Will Turkey Broker Palestinian Reconciliation?
Why Ankara might be the next stop for Abbas and Meshal
Is Hamas going legit? Reconciliation—the creation of a unity government consisting of Hamas and the Palestinian Authority, which was already tried and failed once this year—would require Hamas to convincingly renounce violence and, probably, the elimination of the Jewish state as its mission. (This is part of why people are dubious that reconciliation will ever happen.) Over the weekend, President Abbas reported that Hamas leader Khaled Meshal told him he would agree to renounce violence and to pursue a Palestinian state along the 1967 lines, and Hamas apparently confirmed a change in tack, telling the Guardian, “Violence is no longer the primary option but if Israel pushes us, we reserve the right to defend ourselves with force.” Of course, the paper notes that last week Meshal told cheering Gazans, “The resistance and the armed struggle are the way and the strategic choice for liberating Palestinian land from the (Jordan) river to the (Mediterranean) sea,” which is an uncannily succinct disproof of reform with the credibility of being spoken to his constituents. And meanwhile, this morning Fatah kicked several smaller groups who oppose its more diplomatic approach out of the reconciliation talks. This blog’s policy remains to advise you not to believe reconciliation has occurred until at least six months after you’ve been told it has.
Abbas and Meshal will meet next week to further hash out details—most germane are the holding of joint parliamentary and then presidential elections—and, as they have throughout this iteration of reconciliation and as they did earlier this year when they actually struck a deal, the meeting will be in Cairo, which post-Mubarak is newly hospitable to Hamas and generally to bolstering the Palestinian cause. However, I can’t help but wonder if the most logical meeting-place isn’t Cairo but … Ankara?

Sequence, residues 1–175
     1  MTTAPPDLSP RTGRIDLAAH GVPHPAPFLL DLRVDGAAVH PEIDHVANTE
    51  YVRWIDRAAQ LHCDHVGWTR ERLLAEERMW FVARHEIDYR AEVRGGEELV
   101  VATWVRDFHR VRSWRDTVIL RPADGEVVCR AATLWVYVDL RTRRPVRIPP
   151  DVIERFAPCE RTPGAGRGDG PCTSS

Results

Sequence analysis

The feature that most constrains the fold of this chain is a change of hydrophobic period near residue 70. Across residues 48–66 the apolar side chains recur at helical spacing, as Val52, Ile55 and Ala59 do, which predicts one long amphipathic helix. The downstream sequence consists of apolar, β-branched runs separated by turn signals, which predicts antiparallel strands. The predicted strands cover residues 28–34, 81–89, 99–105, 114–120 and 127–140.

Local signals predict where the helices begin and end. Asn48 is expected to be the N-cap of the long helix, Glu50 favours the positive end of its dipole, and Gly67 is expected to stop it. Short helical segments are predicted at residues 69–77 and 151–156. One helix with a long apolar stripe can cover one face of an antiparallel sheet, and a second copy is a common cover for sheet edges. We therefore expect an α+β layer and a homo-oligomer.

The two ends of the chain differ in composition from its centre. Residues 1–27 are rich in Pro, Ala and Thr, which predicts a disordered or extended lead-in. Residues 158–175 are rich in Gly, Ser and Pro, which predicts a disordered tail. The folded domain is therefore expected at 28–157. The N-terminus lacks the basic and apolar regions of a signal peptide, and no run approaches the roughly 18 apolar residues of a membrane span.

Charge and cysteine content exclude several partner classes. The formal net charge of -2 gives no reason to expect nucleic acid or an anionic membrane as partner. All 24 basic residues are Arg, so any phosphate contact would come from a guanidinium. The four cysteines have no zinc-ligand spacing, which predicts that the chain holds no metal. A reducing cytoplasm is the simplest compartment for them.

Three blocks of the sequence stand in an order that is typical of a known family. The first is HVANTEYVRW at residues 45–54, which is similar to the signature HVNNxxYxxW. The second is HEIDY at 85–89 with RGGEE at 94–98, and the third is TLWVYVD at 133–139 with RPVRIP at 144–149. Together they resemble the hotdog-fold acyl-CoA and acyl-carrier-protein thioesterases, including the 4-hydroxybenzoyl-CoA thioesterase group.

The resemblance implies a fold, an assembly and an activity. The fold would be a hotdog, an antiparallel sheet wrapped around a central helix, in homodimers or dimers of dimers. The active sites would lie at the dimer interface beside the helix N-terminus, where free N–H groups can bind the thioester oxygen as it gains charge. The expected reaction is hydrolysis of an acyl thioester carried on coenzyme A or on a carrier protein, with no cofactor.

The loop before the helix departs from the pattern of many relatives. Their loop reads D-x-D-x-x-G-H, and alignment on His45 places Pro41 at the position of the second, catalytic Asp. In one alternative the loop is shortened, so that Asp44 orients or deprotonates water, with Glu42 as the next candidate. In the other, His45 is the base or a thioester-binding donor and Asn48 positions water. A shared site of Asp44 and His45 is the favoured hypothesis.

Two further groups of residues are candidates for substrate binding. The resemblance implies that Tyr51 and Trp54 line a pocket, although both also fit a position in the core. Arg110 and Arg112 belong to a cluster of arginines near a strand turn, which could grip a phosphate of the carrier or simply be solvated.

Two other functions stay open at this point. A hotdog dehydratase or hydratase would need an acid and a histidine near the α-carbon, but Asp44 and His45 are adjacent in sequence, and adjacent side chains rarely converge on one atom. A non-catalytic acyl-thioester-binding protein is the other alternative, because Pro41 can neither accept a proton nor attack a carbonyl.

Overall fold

Hamas Prime Minsiter Ismail Haniyeh may soon visit Turkey as well as Qatar (to which Hamas, which is based in Damascus, is thought to be considering a move) and several other Arab states, which would be unprecedented. Somebody noted that on Twitter, Turkey’s ministry of foreign affairs referred to “Mahmoud Abbas, President of State of Palestine,” who was on a “working visit” to Turkey yesterday. “State,” eh? And what was he “working” on?
Isn’t this a move that makes sense for all sides? Erdogan’s Turkey continues to bolster its status as the prime regional power broker and stick its finger in Israel’s eye. Hamas and the P.A., together, receive the imprimatur not—or not only—of the shaky Cairo regime, with its divide between popularly elected Islamists and ruling military holdouts, but of an actually robust and actually Muslim democracy, which is also a major U.S. ally. Hamas uses the association as credibility with the European Union and others that it has indeed moderated; the P.A. is shielded from Washington’s wrath by Turkey’s friendship with Washington. How is this not the logical next step?
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